Ericsson conclave targets urban advances
Written by Miami Today on November 20, 2013
By Nina Lincoff
Swedish telecommunications giant Ericsson is betting that information and communications technology will be the next big thing for urban improvement, enough so to build a new pavilion for the launch of their Networked Society City Index 2013 at NEST, a conference held in Miami Beach over the past three days.
“Why Miami? Anyone who has been to Stockholm in November wouldn’t ask,” said Helena Norrman, senior vice president and chief communications officer at Ericsson. On a practical level, the answer is clear. When catering to an international clientele, choose a relevant city.
“Miami is the center point between Latin American and North America,” said Angel Ruiz, head of Ericsson’s North America Region.
The Networked Society City Index ranked 31 countries based on information and communications technology maturity versus leverage from economic, social and environmental development. With the updated index, Ericsson hopes to highlight the relevance of infrastructure like high-speed connections, fiber-optic broadband and mobile phone data for urban development.
Of the three US cities ranked, Miami (12th) comes in third behind New York (eighth) and Los Angeles (11th). Sweden’s own Stockholm is ranked first.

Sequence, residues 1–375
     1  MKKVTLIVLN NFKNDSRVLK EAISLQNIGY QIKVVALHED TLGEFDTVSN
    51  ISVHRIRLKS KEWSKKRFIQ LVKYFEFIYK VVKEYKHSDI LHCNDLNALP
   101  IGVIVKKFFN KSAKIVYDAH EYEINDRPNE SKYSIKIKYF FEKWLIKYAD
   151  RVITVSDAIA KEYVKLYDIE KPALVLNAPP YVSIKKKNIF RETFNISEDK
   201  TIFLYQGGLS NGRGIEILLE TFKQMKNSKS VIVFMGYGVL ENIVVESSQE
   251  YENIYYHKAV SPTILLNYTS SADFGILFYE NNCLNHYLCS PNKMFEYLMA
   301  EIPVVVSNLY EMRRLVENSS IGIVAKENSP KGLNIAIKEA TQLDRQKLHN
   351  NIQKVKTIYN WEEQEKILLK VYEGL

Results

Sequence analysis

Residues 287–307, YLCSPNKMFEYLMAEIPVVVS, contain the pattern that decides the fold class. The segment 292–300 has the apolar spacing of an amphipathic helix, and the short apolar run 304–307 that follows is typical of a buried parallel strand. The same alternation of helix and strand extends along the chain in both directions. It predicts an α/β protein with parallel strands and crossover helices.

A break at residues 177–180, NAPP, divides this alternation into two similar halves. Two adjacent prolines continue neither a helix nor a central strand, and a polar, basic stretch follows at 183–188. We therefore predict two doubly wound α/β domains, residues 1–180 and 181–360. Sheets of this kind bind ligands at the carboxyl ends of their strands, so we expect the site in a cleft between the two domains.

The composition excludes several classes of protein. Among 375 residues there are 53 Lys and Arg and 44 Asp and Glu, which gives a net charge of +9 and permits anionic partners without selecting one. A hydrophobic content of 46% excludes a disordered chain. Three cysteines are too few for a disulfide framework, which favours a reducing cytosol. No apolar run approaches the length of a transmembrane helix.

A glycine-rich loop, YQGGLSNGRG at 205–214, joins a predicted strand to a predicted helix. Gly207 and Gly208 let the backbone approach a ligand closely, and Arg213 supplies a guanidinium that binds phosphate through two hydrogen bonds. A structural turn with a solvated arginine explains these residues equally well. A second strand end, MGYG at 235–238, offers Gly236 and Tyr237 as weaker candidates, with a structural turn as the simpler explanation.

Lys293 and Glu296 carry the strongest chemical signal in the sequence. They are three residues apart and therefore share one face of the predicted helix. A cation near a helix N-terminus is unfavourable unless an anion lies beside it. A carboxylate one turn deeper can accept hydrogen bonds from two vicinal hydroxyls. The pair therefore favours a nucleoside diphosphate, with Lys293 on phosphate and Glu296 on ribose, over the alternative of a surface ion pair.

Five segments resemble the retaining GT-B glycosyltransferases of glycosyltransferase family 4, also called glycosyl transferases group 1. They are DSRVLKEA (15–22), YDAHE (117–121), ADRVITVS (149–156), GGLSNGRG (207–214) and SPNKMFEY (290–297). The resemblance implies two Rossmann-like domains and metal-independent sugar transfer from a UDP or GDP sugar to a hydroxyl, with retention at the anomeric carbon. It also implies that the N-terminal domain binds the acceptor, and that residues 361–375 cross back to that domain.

Information and communications technology improvements could already be benefiting Miami. By opening up communications and data systems within the county, transportation and emergency response services could drastically improve, said Angel Petisco, Miami-Dade County’s chief information officer.
With accessible real time data, first responders to a fire or scene of a crime could be able to download building plans to choose the best points of entry and identify where potential areas for risk are.
“The day that we can do that organically, dynamically, across the air, is the day I’ll be able to satisfy that request,” Mr. Petisco said.
About 120 guests attended the conference, and 105 rooms at the Raleigh Hotel at 1775 Collins Ave. were booked for the event. Rooms were also booked at the W Hotel South Beach at 2201 Collins Ave.
Construction on the Beach isn’t atypical, but buildings aren’t usually built with an intended lifespan of three days. The “Hexagon,” a white pop-up free-standing pavilion built specifically for this event, was constructed next to the W and took five weeks to build, said an Ericsson representative.
“Typically [companies] use our conference space. In this case they wanted to make an out-of-the-box facility,” said Amaury Piedra, general manager at the W. Construction didn’t disrupt daily operations of the hotel, said Mr. Piedra, and it was taken care of by Eventstar Structures Inc., a design firm based in Florida.
Made largely of polystyrene – a commonly used industrial plastic – and aluminum sheeting, dismantling of Ericsson’s Hexagon will be much quicker than its construction. Unlike information and communications technology, which Ericsson and company view as integral for urban development, Miami included, the Hexagon has a Nov. 29 deadline to clear the area before Art Basel takes over.